For example, item 1 of the PCL-C, in the original version reads: "Repeated, disturbing memories, thoughts, or images of a stressful experience from the past?" The first psychiatrist, translating into Portuguese created, as V1: "Memória, pensamentos e imagens repetitivos e perturbadores referentes a uma experiência estressante do passado?". Retranslation produced the V3 of this first item : "Memories, thoughts and repetitive and disturbing images about a stressful experience in the past?". This V3 was then compared with the first item of the original scale and was awarded a mark of 100 on the VAS and was graded "unchanged" (UN). When, however, the same process was repeated for V2 and V4, the item did not preserve its meaning with the same precision receiving 60 on the VAS and the label "little different" (LD). This process was repeated for all 17 items on the PCL-C. Depending on the score given to each item under analysis, the best version of each item in Portuguese was chosen (V1 and V2) to create a final version in this language. The authors allowed themselves, in certain cases, to select short extracts from V1 and V2 and amalgamate them, thus creating a new item containing the best parts of each. For item 12, they further allowed themselves to create a third version since neither V1 nor V2 were considered a satisfactory expression of the criterion tested for in the English original. In certain cases, minor grammatical corrections or semantic adaptations were also allowed.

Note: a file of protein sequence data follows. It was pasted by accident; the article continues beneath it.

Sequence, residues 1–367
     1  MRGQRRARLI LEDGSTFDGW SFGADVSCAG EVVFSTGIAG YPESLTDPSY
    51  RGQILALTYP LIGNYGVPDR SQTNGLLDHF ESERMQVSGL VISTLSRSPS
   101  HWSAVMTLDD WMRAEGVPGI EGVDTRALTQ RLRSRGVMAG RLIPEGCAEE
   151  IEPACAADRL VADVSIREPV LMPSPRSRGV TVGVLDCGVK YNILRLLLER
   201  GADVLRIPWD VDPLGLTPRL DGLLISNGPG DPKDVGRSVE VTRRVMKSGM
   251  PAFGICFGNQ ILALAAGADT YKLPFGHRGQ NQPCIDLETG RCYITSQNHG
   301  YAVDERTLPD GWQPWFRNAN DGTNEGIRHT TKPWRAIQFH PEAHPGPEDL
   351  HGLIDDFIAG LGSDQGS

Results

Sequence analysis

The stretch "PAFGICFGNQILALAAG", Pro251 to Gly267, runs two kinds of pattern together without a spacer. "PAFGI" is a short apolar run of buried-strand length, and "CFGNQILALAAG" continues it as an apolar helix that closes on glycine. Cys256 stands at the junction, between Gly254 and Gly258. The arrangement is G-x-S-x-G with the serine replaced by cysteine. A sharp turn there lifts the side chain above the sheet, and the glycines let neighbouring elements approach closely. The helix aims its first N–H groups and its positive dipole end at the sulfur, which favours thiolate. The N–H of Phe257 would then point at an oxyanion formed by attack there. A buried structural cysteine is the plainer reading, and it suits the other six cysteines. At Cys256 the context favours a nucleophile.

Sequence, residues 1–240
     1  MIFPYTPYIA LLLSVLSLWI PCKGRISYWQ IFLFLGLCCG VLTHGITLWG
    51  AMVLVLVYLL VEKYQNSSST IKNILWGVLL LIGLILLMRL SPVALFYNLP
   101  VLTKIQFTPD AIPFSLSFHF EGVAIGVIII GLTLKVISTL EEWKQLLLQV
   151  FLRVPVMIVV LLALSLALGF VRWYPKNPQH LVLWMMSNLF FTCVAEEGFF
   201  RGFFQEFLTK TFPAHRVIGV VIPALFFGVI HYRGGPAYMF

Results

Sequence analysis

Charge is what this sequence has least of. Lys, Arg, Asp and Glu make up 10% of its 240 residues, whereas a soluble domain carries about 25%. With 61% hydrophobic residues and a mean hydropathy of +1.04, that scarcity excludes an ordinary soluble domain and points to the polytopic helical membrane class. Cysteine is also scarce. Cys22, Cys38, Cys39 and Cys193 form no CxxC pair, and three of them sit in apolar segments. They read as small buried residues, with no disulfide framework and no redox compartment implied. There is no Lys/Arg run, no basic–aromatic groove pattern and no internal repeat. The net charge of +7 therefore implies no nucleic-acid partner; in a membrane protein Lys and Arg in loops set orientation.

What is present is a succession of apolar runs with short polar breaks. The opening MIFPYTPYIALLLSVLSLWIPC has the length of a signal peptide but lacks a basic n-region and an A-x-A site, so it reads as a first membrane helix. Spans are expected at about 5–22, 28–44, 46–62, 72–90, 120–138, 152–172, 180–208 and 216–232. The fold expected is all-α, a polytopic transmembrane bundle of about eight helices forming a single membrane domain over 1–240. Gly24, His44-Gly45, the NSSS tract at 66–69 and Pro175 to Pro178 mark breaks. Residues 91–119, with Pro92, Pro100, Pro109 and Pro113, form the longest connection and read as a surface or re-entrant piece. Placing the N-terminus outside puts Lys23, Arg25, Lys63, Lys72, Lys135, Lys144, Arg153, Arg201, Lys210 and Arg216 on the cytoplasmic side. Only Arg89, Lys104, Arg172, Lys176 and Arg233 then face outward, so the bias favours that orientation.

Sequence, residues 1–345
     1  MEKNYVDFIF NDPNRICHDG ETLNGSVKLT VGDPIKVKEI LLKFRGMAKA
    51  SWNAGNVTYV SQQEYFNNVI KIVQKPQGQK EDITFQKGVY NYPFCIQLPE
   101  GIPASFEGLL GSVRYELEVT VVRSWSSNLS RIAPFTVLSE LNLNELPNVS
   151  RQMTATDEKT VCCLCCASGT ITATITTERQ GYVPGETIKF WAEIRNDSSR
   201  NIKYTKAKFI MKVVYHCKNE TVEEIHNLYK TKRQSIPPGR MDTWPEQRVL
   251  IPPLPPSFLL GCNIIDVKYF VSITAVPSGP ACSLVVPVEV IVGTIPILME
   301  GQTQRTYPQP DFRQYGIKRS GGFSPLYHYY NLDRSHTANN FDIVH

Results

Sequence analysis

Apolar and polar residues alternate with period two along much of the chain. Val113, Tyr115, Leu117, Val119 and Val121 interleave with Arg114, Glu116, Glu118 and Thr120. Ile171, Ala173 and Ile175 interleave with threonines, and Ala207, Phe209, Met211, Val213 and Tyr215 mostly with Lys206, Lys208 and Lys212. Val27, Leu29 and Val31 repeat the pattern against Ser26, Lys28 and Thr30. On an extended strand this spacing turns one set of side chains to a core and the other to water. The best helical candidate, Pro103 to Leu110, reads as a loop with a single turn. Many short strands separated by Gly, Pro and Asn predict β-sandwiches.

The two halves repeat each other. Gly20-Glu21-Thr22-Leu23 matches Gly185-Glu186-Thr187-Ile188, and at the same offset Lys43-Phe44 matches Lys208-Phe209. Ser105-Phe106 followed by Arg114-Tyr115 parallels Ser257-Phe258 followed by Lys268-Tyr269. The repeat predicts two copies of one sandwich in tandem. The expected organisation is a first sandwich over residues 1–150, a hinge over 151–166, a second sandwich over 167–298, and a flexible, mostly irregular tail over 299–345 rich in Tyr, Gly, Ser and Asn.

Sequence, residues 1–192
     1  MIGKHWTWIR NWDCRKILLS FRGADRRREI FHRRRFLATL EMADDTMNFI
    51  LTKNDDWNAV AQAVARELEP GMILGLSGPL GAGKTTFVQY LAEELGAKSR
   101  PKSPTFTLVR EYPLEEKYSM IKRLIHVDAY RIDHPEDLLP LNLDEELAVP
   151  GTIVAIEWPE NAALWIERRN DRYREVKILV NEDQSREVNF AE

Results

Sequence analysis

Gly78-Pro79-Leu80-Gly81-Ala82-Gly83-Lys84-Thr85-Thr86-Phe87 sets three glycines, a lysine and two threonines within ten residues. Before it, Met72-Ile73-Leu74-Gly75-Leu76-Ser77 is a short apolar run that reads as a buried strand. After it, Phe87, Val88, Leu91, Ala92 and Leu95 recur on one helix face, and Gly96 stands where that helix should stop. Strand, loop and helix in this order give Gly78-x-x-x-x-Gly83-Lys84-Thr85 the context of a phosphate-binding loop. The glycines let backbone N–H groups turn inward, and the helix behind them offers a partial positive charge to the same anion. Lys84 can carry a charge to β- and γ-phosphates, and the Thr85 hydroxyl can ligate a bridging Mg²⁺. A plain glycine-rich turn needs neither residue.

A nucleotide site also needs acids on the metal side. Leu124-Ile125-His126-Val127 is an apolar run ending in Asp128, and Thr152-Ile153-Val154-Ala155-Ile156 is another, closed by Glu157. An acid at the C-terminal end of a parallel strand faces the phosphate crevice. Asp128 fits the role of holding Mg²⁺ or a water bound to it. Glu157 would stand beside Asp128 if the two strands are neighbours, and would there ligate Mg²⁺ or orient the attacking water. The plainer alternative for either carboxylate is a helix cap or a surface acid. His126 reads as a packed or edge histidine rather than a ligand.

Discussion with the target population: Once the final version in Portuguese of the PCL-C had been created (appendix 1), in which even the original appearance of the instrument created by Weathers et al., was maintained, this was presented to 21 Brazilians, chosen by convenience, with a varying level of education and social status (11 individuals with a basic level, six medium and four higher). These people filled out the scale and were questioned as to their understanding of each item on the PCL-C and also whether they had any suggestions with respect of the instrument.

Figure 1 is a schematic depiction of all the methodology applied in this study.

 

 

RESULTS

With the application of the methodology described above, a Portuguese version was created of an instrument widely used and validated in many countries worldwide. The diagnostic criteria for PTSD and even the appearance of the original PCL-C in English were respected.

When the scale was presented to the study population, nobody exhibited any difficulty with its completion. When we requested the subjects to complete the scale with no explanation of what it aimed at measuring, practically all of them understood the term "situação de vida estressante", included in the initial instructions, to mean difficulties at work and not traumatic events.

 

DISCUSSION